The United States Code authorizes the FCC to resolve disputes involving interstate wire communication. 47 U.S.C. § 201(b) (1988) states, in relevant part, that "[a]ll charges, practices, classifications, and regulations for and in connection with . . . communication service, shall be just and reasonable, and any such charge, practice, classification, or regulation that is unjust or unreasonable is declared to be unlawful[.]" Furthermore, 47 U.S.C. § 208(a) (1988) states, in pertinent part, that
[a]ny person . . . complaining of anything done or omitted to be done by any common carrier subject to this chapter, in contravention of the provisions thereof, may apply to said [FCC] by petition . . . [.] [I]t shall be the duty of the [FCC] to investigate the matter complained of in such manner and by such means as it shall deem proper . . . .
Therefore, if a customer does not find a charge or practice of an
interstate telephone company to be proper as to an interstate
telephone call, he or she may file a petition with the FCC.See footnote 6
Accordingly, the record before us does not indicate that the FCC
intended to defer jurisdiction of an interstate billing dispute to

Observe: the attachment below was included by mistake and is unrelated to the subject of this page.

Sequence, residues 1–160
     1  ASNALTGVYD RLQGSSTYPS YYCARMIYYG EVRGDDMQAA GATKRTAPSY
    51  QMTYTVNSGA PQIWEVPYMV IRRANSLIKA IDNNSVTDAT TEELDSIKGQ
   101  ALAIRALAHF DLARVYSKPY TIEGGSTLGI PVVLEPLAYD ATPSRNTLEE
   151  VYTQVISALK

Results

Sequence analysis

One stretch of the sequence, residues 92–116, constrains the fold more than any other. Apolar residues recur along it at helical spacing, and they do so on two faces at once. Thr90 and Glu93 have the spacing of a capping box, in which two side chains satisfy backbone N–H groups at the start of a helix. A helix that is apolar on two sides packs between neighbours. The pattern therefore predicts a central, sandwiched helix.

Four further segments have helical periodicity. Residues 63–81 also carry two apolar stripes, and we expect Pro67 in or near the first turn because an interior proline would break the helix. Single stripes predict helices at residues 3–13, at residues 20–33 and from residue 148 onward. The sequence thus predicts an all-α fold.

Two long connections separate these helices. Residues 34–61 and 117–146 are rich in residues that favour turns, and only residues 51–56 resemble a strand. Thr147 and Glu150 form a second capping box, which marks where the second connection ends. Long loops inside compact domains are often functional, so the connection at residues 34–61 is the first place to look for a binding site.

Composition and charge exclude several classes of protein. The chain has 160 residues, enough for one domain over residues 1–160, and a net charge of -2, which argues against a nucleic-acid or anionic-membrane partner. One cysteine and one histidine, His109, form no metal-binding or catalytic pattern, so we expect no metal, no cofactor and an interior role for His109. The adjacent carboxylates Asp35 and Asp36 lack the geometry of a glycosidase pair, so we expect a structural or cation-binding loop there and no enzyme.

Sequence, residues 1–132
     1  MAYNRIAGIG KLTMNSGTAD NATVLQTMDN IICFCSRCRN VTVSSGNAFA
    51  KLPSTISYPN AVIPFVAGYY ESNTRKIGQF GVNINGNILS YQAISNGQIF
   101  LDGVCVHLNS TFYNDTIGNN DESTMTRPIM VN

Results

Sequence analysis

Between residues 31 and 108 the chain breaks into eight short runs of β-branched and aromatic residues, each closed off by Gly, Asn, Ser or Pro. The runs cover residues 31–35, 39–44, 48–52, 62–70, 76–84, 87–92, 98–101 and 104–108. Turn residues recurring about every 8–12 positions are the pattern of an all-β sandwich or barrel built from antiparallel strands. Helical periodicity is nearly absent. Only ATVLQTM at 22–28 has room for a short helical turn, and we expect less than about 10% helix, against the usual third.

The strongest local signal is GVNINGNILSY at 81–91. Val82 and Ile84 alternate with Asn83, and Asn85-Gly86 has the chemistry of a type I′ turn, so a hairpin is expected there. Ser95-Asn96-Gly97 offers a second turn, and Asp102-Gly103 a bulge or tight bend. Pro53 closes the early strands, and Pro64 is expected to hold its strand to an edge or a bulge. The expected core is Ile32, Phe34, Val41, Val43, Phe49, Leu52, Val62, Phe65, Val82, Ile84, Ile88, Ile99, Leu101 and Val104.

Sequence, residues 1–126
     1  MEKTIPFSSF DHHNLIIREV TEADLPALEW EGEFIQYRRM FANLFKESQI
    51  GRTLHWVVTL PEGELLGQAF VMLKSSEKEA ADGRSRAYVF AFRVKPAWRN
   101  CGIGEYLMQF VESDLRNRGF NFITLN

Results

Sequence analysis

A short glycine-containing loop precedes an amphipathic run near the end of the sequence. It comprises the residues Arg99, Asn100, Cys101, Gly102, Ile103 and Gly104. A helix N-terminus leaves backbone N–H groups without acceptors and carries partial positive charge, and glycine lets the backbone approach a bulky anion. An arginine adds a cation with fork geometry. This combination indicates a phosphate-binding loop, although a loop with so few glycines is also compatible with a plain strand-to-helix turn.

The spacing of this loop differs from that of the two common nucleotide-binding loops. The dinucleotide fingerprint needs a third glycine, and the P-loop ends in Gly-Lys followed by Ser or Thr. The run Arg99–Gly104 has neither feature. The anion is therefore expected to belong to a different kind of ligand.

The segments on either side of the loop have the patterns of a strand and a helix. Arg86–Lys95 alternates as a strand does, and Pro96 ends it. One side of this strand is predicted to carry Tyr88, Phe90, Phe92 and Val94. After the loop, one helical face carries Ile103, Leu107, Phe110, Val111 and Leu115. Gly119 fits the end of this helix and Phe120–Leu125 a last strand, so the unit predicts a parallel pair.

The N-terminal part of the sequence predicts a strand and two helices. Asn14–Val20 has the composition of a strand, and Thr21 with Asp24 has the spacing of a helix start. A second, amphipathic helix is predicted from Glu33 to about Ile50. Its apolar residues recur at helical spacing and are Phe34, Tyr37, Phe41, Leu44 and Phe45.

the states as a condition for disconnection for nonpayment, nor
does the record before us indicate that the FCC does not have
authority to resolve such disputes. Thus, based on the limited
record in the case before us, we conclude the Communications Act of
1934 preempts state jurisdiction over interstate telephone billing
disputes since preemption is not barred by 47 U.S.C. § 152(b)
This Court held the following in syllabus point 2 of Broadmoor\Timberline Apartment v. Public Service Commission, 180 W. Va. 387, 376 S.E.2d 593 (1988) based on W. Va. Code, 24-1-1, et seq., which sets forth the power and authority of the Commission:
'The public service commission has the statutory power and authority to control the facilities, charges and services of all public utilities and to hear and determine the complaints of persons entitled to the services which such utilities afford; and the only limitation upon such power and authority is that the requirements shall not be contrary to law and that they shall be just and fair, just and reasonable, and just and proper.' Syllabus Point 6, State ex rel. City of Wheeling v. Renick, 145 W. Va. 640, 116 S.E.2d 763 (1960).
Additionally, this Court held: "The Public Service Commission of
West Virginia has no jurisdiction and no power or authority except
as conferred on it by statute and necessary implications therefrom,
and its power is confined to the regulation of public utilities.
It has no inherent power or authority." Syl. pt. 2, Wilhite v.
Public Service Commission, 150 W. Va. 747, 149 S.E.2d 273 (1966).